1. The activities of soil bacteria such as Azotobacter and Clostrdium which fix atmospheric nitrogen into the soil.
  2. Activities of nitrogen fixing bacteria living in the root nodules of leguminous plants e.g. Rhizobium.
  3. Thunderstorms.
  4. Putrefaction (decomposition) of dead plants and animals and the excretory products of animals.

Nitrogen is removed from the soil by;

  1. Absorption by the roots of plants.
  2. Denitrification by bacteria.
  3. Leaching.

Intensive cultivation of soil over the years has depleted the nitrogen content of soil. To improve soil fertility, farmers now replenish soil-nitrogen content by the addition of inorganic fertilizers and organic manure.

The Nitrogen Cycle

Importance of Nitrogen to Plants and Animals

  1. Plants absorb nitrogen from the soil as nitrates or ammonium salts and use it to make proteins and other nitrogen containing compounds needed for proper growth and development.
  2. Animals obtain their nitrogen in form of proteins in plants and use it to build new cells and repair worn out tissue.
  3. Some soil bacteria obtain energy by oxidizing ammonium salts and nitrates.[mediator_tech]
  4. Symbiotic bacteria in the root nodules of leguminous plants synthesize organic substances (protein) from atmospheric nitrogen.




Decomposition in Nature

Decomposers are organisms which feed on dead and decaying organisms and on their excreta (urine and faeces). They bring about the decay of these materials. Decomposers are saprophytes and can be grouped into two classes;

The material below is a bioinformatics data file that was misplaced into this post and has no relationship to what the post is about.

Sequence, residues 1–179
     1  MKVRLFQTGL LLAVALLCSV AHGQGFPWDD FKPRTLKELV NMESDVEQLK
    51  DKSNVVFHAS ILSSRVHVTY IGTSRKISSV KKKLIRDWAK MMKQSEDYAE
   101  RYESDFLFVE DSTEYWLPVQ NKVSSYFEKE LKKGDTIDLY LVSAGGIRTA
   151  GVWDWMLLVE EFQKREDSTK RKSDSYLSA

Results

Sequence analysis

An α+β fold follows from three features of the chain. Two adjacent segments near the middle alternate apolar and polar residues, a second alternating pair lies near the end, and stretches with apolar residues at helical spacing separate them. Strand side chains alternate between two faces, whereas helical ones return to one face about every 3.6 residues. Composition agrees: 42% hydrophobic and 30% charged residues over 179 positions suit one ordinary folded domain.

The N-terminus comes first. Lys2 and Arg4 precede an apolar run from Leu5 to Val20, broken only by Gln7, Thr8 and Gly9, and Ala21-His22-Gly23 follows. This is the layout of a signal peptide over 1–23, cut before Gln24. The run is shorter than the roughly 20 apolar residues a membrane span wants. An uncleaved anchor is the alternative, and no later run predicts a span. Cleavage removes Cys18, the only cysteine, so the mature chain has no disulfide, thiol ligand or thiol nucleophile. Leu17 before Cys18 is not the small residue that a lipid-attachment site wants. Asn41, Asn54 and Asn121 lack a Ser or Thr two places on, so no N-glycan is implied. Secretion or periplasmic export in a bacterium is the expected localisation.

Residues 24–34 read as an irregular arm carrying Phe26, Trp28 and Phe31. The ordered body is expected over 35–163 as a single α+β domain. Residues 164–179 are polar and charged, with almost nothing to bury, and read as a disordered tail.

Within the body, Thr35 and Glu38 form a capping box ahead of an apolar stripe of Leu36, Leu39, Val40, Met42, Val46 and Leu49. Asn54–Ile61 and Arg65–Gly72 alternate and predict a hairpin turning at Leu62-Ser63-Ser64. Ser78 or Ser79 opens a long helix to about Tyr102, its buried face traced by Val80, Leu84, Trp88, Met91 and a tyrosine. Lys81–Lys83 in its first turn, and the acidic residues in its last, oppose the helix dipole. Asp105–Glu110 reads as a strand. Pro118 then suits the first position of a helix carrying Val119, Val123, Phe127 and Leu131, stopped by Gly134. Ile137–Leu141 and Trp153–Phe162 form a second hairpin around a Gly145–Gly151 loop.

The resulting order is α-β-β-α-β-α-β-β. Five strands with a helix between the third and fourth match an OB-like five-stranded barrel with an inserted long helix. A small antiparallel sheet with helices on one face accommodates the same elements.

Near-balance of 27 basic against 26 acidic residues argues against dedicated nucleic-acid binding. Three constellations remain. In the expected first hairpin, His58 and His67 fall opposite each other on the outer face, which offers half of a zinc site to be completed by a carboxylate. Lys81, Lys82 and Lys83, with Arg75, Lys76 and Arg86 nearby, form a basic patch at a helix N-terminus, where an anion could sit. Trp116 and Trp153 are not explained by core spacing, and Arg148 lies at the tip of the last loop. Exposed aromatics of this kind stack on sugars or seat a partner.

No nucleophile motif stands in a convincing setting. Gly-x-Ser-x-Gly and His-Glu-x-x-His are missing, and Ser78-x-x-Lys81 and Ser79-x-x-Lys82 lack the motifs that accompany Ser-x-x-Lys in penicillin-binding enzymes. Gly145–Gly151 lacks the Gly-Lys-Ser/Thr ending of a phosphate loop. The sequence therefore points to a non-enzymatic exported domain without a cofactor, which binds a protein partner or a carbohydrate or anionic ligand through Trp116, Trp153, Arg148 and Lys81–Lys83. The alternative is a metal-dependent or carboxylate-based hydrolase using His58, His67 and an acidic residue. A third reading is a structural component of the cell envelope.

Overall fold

1. Micro-decomposers: these are microscopic bacteria and fungi.
  2. Macro-decomposers: these include mushrooms, toadstools and mould. Others are detritus-eating animals such as earthworms, termites, millipedes, wood lice, lobsters and clams.

Decomposers secrete enzymes onto their food source. These enzymes break down complex organic compounds like carbohydrates and proteins into simple, soluble, inorganic compounds and also release a lot of heat in the process. The decomposers use only a small portion of the nutrients and energy for their metabolic activities. The remaining nutrients are released into the soil, air and water. The heat energy released is lost into the atmosphere. When decomposers die, other decomposers feed on them.